One Man, Two Guvnors – An interview with Writer, Richard Bean “Francis, the central character, is me…a lovable idiot!”

Award-winning playwright, Richard Bean talks about his most famous play, One Man, Two Guvnors, including his inspiration behind the masterpiece and what he's looking forward to about the Derby Theatre production.

What was your inspiration/motivation for writing One Man, Two Guvnors?

I'd worked closely with Nick Hytner at the National Theatre on a version of London Assurance for Simon Russell Beale to star in and it turned out to be very successful, packing out the Olivier every night, which was annoying because I hadn't really been paid. Nick had wanted to call my work "textual revisions". So, when James Corden said he'd do Truffaldino in Goldoni's Servant of Two Masters, Nick, presumably consumed with guilt, offered me the gig. I said: “I'm not doing ‘textual revisions’, I'm rewriting the whole play…and he said: "go for it".

Did you ever imagine that it would become so successful?

Working at the National Theatre is a bit like playing for England…you're surrounded by the best - directors, actors, technical team, composer etc. -  so you do start to hope that you can take on the world.

What do you think is the secret of its success?

The characters are sufficiently differentiated. Each one is pretentious and funny in their own way. And Frances is everyman, he's us, on stage, and although he's stupid, he's not evil, and we root for him.

Would you say that One Man, Two Guvnors is a play for a broad audience to enjoy?

Certainly! Melvyn Bragg is a big fan of the play, and interviewed me in New York when it went to Broadway, and you can't get much more high brow than our Melv. And, not necessarily at the other end of the intellectual scale, but one night Jack Wilshere, at the time an Arsenal player, tweeted that he loved it. I remember Nick Hytner being thrilled by that tweet.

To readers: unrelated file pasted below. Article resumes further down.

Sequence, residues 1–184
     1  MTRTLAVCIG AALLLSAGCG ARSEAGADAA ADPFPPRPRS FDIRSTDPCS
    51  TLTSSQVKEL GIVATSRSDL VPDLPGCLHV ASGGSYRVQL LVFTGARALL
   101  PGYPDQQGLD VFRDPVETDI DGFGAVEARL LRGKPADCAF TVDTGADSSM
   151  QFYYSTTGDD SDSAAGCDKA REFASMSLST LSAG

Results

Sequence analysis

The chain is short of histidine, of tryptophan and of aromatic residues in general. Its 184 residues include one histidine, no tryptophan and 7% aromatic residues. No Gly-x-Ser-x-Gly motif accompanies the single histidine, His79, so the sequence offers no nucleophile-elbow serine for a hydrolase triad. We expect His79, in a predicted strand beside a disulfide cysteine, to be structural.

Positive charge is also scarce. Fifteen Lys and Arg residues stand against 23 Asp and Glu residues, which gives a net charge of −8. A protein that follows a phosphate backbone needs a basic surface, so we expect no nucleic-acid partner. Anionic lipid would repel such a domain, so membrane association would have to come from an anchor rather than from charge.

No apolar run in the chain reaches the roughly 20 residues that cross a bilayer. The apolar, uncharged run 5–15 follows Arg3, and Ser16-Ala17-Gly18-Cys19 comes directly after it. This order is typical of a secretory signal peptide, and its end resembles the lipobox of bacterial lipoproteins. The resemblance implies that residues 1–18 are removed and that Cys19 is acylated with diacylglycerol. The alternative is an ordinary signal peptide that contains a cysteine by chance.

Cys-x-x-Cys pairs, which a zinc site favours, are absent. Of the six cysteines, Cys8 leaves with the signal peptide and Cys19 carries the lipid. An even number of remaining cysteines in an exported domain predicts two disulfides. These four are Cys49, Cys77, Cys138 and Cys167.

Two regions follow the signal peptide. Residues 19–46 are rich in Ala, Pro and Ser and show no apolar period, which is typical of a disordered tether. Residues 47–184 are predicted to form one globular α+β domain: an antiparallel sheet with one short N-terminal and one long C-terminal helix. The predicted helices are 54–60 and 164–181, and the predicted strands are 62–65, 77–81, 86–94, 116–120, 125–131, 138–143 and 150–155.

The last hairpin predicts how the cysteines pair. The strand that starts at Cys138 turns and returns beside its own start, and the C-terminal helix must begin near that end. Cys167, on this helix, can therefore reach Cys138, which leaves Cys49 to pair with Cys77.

What was your intended audience for the play? 
Human beings!

What do you enjoy about the genre ‘farce’, is it your favourite genre?

Farce is very difficult to write, and requires a lot of management in the rehearsal room and in production. The intention of a comedy is to make the audience laugh, the intention of a farce is at two or three points in the production to render them hysterical…that's a tough ask.

Do you personally relate to/identify with the main character, Francis at all?

I do.  He's me…a lovable idiot.

Do you enjoy seeing different productions/versions of One Man, Two Guvnors?

To be honest, I will only go and see English language productions.  I am often sent translations of the play to ask me if I approve of them, and I always say "this is the best Serbian translation of the play I've ever read".  Of course, I don't read Serbian, so how would I know?!

You are from Hull – were you aware that Director, Sarah Brigham is also from Hull?

I was aware that she is from Hull, but no-one has specified if she's black and white or red and white. (both rugby teams from Hull - Hull Kingston Rovers and Hull FC!).

What led to your decisions to add the character ‘Alfie’ into the script?

We workshopped the first two acts of the play, reading it around a table, and we felt the dinner scene needed a bit more oomph. It was a brilliant discussion, and a moment in my development as a playwright, that I realised that there are no rules, one can actually do what the hell you like…and from that workshop, came Alfie.

Can you describe One Man, Two Guvnors in three words?

Three hours short!

What are you looking forward to about the Derby Theatre (and Queens Theatre Hornchurch) production of One Man, Two Guvnors?

I'd like to see the cast and the audience as one.

One Man, Two Guvnors at Derby Theatre

Book Tickets

One Man, Two Guvnors runs at Derby Theatre from Saturday 7 - Saturday 28 September.